Keynes, the Keynesians and Monetarism is a major contribution to the continuing debate on macroeconomic policy-making. Tim Congdon has been a strong supporter of monetarist economic principles for over 30 years. His writings – in the newspapers and for parliamentary committees, as well as in academic journals – played an influential role in the transformation of British macroeconomic policy in the 1980s and 1990s.
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- Keynes, the Keynesians and Monetarism
- Tables and boxes
- Chapter 1: Were the Keynesians Loyal Followers of Keynes?
- Chapter 2: What was Keynes’s Best Book?
- Chapter 3: Keynes, the Keynesians and the Exchange Rate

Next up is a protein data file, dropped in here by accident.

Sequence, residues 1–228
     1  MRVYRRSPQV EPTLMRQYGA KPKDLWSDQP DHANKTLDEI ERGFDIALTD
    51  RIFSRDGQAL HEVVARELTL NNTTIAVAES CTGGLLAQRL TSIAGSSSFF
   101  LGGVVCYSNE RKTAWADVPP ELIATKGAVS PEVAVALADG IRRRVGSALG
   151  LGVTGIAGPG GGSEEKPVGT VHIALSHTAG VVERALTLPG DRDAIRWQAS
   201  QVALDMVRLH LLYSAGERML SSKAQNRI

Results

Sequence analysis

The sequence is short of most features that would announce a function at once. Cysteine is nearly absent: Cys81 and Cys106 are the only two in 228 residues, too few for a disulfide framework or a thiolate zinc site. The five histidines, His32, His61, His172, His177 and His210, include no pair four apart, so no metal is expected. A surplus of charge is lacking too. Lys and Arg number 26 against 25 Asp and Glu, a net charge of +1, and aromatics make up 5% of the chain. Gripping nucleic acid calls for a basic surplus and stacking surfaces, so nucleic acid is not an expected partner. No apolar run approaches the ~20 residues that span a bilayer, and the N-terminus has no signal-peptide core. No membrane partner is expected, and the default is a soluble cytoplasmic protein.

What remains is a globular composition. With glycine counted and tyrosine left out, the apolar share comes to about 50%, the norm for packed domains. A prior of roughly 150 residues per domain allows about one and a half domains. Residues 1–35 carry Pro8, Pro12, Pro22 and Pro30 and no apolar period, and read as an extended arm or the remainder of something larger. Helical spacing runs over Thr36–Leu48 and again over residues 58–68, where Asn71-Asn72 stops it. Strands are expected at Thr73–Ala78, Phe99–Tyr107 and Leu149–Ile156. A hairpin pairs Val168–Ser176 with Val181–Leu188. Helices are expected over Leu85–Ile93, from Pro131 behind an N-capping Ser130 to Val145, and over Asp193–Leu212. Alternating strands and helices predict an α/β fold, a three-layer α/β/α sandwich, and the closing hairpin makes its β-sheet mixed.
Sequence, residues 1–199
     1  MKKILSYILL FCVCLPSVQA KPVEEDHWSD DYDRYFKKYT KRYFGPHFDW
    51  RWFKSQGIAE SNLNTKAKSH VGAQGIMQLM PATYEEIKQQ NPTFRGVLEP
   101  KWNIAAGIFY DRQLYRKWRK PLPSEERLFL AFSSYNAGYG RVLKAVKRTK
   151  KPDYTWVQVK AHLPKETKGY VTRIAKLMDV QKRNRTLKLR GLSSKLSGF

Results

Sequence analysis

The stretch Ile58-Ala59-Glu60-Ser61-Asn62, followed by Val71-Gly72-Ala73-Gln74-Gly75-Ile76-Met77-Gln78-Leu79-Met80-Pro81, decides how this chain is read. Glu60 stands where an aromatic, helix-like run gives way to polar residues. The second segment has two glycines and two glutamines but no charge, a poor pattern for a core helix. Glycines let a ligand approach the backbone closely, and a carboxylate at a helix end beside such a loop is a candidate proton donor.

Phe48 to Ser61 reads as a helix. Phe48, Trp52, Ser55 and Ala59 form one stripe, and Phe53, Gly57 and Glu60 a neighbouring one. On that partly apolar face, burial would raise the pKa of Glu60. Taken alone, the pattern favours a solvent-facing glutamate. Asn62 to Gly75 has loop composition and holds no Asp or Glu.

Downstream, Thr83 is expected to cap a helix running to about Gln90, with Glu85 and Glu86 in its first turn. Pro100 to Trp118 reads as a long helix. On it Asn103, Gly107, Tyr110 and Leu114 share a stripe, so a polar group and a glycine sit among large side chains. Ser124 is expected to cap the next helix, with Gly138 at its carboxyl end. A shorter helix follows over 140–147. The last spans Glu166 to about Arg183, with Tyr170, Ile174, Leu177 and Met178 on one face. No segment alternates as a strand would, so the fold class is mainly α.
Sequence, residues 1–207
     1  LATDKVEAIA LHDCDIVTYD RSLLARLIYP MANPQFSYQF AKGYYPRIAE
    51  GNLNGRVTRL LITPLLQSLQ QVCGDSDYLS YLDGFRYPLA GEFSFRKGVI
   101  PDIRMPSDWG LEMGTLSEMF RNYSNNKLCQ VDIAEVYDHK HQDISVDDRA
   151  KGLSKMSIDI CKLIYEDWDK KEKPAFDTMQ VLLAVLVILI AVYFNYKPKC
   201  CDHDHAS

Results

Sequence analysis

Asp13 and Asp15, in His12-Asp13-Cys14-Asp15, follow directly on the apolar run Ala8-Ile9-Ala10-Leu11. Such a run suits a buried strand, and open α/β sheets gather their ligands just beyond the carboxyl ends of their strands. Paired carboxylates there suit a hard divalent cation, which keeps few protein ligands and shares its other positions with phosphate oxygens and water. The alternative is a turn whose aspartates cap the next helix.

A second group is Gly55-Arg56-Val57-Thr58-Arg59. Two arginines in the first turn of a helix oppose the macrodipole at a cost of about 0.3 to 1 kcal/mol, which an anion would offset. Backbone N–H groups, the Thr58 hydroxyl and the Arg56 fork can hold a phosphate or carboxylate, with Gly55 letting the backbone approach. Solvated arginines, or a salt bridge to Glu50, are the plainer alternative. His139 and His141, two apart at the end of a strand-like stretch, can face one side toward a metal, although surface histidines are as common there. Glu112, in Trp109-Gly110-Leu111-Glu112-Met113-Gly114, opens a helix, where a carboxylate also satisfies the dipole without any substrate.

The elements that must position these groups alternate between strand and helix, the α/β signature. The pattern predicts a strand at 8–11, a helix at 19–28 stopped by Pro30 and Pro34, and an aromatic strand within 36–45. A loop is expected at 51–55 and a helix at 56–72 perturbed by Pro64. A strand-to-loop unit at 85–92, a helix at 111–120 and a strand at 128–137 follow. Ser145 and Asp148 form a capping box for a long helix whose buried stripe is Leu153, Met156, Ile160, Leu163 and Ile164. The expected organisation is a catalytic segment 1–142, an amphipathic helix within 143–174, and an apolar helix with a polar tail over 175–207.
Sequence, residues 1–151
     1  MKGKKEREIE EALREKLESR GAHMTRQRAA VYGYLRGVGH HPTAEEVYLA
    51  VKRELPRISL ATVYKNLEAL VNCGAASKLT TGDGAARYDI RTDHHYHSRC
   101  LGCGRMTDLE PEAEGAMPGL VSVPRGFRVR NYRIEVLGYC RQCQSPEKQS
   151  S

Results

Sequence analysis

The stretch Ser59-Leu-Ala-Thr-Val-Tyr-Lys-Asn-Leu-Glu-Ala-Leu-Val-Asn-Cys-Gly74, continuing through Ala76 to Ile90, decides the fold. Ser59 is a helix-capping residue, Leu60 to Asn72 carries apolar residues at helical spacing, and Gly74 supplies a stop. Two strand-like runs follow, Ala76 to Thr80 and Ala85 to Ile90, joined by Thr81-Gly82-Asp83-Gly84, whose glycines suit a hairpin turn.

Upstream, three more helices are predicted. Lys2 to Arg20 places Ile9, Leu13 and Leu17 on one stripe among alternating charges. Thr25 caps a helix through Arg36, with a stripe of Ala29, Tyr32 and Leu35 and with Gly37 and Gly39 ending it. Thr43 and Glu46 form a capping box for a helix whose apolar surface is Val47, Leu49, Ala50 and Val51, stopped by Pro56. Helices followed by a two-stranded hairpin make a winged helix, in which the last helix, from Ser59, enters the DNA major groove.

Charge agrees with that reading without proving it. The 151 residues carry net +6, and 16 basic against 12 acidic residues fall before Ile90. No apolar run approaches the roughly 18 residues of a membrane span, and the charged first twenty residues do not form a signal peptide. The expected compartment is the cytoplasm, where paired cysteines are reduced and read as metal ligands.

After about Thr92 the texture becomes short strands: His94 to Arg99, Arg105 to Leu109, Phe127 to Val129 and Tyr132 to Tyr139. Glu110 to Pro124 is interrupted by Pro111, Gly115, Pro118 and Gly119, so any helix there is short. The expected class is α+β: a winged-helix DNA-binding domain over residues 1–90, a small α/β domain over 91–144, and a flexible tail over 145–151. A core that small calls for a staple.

- Chapter 4: Did Britain have a ‘Keynesian Revolution’?
- Chapter 5: Is Anything Left of the ‘Keynesian Revolution’?
- Chapter 6: The Political Economy of Monetarism
- Chapter 7: British and American Monetarism Compared
- Chapter 8: Do Budget Deficits ‘Crowd Out’ Private Investment?
- Chapter 9: Did the 1981 Budget Refute Naïve Keynesianism?
- Chapter 10: An Exchange 25 Years Later between Professor Stephen Nickell and Tim Congdon
- Chapter 11: Assessing the Conservatives’ Record
- Chapter 12: Criticizing the Critics of Monetarism
- Chapter 13: Has Macroeconomic Stability Since 1992 Been Due to Keynesianism, Monetarism or What?
- Chapter 14: Money, Asset Prices and Economic Activity
- Chapter 15: Some Aspects of the Transmission Mechanism
Chapter 8: Do Budget Deficits ‘Crowd Out’ Private Investment?
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